Most Recent Articles In Fashion Scoops
Latest Fashion Scoops Articles
- Zainab Sumu’s Primitive Modern to Open Production Plant
- Britain’s Bicester Village Gets Its Own Train Station
- Lee Lapthorne Makes Latest Callout for On|Off Designer Showcase in London
More Articles By
STANDING TALL: Tuesday’s 18-count indictment of Brooke Astor’s son, Anthony Marshall, and one of her former attorneys, Francis Morrissey, was not cause for schadenfreude from the late doyenne’s longtime friends David Rockefeller and Annette de la Renta. In fact, when Rockefeller heard of Marshall’s courthouse walk, he said, “It really is very sad news,” according to his adviser, Fraser Seitel.
De la Renta was also “saddened,” Seitel said.
This story first appeared in the November 29, 2007 issue of WWD. Subscribe Today.
The 83-year-old Marshall stands accused of grand larceny and other charges for allegedly pilfering money from his mother to pay the captain of his yacht’s salary, as well as the income for a social secretary for a theater production company he ran out of his mother’s apartment without her knowledge. Astor, who died in August at the age of 105, was said to have left behind a $132 million fortune and an additional $60 million trust. Last summer, Rockefeller and de la Renta signed affidavits calling for the appointment of a personal and financial guardian for Astor. Morrissey, who is out of the country, is expected to turn himself in Friday, according to a spokeswoman for Manhattan District Attorney Roger M. Morganthau. Marshall and Morrissey are due back in court Jan. 30.
AVOIDING THE BUG: While she is often criticized on the subject of health care, Sen. Hillary Clinton appears to be determined about staving off cold and flu season while on the campaign trail. On Tuesday, the Democratic presidential candidate stopped by Petticoat Lane, a store in her hometown of Chappaqua, N.Y., with her daughter, Chelsea, to buy winter hats by Eric Javits. Clinton — a longtime Javits fan, who even wore one of the designer’s hats to Princess Diana’s funeral a decade ago — chose a black rain hat and Chelsea chose the Stork style. No word on whether the Clintons have yet ordered inauguration-apropos chapeaux.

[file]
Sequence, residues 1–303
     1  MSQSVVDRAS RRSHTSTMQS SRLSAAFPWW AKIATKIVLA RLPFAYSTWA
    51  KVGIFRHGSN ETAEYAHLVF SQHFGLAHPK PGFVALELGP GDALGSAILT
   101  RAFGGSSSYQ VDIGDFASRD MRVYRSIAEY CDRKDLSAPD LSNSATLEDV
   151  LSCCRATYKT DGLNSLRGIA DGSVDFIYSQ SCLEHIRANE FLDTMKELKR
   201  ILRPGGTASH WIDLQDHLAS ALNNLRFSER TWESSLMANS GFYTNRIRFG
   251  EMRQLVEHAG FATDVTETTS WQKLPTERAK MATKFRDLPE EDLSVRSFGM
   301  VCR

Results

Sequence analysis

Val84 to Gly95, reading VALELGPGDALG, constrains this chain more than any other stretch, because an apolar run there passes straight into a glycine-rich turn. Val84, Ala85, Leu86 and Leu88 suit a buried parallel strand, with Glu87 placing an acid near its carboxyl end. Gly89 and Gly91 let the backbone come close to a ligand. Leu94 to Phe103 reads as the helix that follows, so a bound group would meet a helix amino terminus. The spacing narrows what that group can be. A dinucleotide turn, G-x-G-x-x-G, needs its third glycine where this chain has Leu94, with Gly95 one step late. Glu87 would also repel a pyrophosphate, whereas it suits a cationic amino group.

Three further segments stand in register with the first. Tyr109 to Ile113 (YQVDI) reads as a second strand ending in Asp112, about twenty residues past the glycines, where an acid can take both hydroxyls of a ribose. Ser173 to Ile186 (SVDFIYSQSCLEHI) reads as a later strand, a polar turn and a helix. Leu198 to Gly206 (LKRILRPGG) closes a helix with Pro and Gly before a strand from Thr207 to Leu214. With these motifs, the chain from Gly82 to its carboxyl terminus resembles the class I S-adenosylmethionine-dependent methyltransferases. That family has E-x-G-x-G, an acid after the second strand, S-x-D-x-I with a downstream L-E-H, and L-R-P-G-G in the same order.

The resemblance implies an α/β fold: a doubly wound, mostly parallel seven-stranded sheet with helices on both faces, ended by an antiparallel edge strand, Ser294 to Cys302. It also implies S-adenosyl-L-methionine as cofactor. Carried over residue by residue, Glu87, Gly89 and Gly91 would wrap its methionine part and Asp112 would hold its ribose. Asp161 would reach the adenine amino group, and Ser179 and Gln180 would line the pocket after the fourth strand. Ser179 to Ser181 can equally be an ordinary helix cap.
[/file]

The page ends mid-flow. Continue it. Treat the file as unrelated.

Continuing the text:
DESIGNER DANCE OFF: Designers have been collaborating with dance companies for years, but now Mark Badgley and James Mischka are tweaking that formula. The pair will suit up the Alvin Ailey Dance Company’s 15 female principal dancers for the troupe’s opening-night gala tonight at the New York Sheraton. The flexible ones will wear Badgley Mischka Platinum dresses. But no two dancers will be dressed the same.
EXHIBITIONISTS: Fashion designers continue to flex their artistic muscles — and clout. Helmut Lang plans to open his first solo exhibition next month at Brooklyn’s trendy Journal Gallery. Lang’s installation is said to include a multifaceted mirrored object and photos of colorful ornaments against a backdrop of black-and-white porn. “The idea relates to the Janus mythology, representing time as one half respects the past and the other one looks into the future,” Lang told Neville Wakefield in a 20-page interview in the gallery’s journal.
And, on Wednesday night, Hedi Slimane lifted the curtain on his solo exhibition at the Almine Rech Gallery in Paris. Titled “Perfect Stranger,” the show includes photos of young rock fans, a source of inspiration for Slimane since his Dior Homme days.
HOMECOMING OF SORTS: After years of absence, Prada will again attend the Pitti Uomo men’s wear exhibition. But don’t expect to see the entire Prada men’s collection on the runway. In true Prada style, the fashion house will present only a new sneaker with its staple red band, designed in different materials, at Pitti Uomo, which runs Jan. 9 to 12.
TIME TO DIAL: Watch brands are the latest branch of luxury leaguers courting the cellular phone market. Tag Heuer, the LVMH-owned Swiss timepiece maker, has inked a license deal with ModeLabs Group, a Paris-based customized cell phone specialist, for the production and distribution of its first cell phone, to be released in the second quarter of next year.